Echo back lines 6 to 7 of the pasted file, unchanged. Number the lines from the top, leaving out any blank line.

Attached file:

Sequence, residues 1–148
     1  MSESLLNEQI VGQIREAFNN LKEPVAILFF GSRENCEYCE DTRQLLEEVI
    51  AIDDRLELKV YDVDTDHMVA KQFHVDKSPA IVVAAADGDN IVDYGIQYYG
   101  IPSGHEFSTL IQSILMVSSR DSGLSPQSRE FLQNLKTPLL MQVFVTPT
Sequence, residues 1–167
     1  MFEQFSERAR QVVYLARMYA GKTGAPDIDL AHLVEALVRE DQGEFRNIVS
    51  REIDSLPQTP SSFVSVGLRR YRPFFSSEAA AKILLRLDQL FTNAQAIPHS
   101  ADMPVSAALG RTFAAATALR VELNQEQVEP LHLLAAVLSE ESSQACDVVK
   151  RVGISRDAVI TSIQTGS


     1  MFEQFSERAR QVVYLARMYA GKTGAPDIDL AHLVEALVRE DQGEFRNIVS
    51  REIDSLPQTP SSFVSVGLRR YRPFFSSEAA AKILLRLDQL FTNAQAIPHS